A Few Important Strategies for Deep Work

I'm reading a very interesting book by Cal Newport called Deep Work. 

Here is my take on the author's suggestions for strategies to
improve deep-focused work.

Intentional and Desired

Intention is a must for any of these strategies to be effective. 


The monastic strategy of secluding oneself and eliminating
distractions from technology and individuals. Just focusing
on the work assignment or project at hand. Human beings
need help in multitasking if deep, concentrated work is necessary.


The second strategy is bimodal, which suggests that an individual
would break apart their deep work and time management so that
deep work is particular without interruptions. The other chunk of
time would be without any type of focus on deep work. A
productivity app such as Standard Notes would be an excellent choice.


People can jump into deep, concentrated work if they have free time.
Having a flexible mindset to switch your brain to concentrate and
clearly focus on deep work can be beneficial.

A Flow of Deep Work and Sustainability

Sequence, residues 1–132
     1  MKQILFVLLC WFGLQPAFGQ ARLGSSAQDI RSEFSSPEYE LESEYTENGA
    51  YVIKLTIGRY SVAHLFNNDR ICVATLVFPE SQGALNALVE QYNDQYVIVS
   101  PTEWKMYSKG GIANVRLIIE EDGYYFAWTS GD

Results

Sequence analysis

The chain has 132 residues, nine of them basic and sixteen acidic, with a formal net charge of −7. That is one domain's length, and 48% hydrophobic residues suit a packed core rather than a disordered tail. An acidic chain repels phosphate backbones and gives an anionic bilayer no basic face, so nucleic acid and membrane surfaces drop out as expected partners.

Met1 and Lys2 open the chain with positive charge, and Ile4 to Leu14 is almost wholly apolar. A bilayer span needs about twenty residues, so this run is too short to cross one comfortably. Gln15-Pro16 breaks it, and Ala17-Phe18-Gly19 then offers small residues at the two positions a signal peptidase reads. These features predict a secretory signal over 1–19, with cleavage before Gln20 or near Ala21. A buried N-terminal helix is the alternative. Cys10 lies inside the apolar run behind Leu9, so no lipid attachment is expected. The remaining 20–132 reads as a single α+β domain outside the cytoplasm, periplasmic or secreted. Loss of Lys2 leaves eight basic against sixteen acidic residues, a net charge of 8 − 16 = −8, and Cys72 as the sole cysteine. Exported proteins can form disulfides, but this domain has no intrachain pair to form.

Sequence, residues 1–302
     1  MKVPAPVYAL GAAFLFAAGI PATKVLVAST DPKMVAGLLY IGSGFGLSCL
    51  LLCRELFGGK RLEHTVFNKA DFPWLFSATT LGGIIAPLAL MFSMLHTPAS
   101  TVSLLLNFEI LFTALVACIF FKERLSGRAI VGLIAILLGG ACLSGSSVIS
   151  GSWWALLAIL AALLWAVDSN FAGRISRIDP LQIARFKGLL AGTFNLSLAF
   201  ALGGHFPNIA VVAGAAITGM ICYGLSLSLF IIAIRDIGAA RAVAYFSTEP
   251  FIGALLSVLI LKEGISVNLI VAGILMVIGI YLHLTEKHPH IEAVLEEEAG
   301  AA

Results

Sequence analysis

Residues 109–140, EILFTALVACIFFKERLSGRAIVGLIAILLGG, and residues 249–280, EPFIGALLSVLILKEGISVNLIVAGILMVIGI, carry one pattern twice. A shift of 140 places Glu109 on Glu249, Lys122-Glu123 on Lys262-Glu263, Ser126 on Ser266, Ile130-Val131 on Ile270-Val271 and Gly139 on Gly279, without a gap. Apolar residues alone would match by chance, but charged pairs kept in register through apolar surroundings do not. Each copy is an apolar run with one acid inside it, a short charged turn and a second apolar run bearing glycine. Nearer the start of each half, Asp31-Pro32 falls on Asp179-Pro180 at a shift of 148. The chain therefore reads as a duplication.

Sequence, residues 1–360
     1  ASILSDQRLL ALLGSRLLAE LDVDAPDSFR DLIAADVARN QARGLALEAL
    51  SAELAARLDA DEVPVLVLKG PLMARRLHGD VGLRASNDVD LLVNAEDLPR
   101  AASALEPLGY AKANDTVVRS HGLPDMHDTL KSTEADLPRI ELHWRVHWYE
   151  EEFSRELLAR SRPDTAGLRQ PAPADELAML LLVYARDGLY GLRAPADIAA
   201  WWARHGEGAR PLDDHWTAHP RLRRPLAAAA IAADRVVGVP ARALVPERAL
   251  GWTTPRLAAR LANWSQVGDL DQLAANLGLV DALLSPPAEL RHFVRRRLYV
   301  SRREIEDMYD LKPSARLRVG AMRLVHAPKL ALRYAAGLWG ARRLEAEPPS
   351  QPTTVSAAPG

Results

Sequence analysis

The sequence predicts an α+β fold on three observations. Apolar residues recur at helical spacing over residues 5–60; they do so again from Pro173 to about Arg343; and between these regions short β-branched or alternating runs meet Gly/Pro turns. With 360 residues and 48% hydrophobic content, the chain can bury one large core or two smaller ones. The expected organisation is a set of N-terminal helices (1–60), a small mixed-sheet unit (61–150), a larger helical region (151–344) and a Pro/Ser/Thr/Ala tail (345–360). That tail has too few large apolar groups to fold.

Another strategy would be the rhythmic deep work, in which
there is a flow of completion of tasks, learning to tackle small
blocks of time, and, of course, using a productivity app to track
the deep work. It is essential to have allotted time for deep work
and relaxation/free time to rejuvenate your energy for more deep work.

Productive Meditation and Preparing the Brain for Deep Work

Concentrated deep work is difficult when starting out. It is vital to
use atomic habits and short-term goals to build a mindset of resiliency
for deep work. 

Deep Work More Rare To Do

The increasing amount of information overload of text messages,
emails, social media, virtual and in person meetings and the amount
of job-career working hours needed in a person's life, deep work can
be a rare commodity due to all the distractions.

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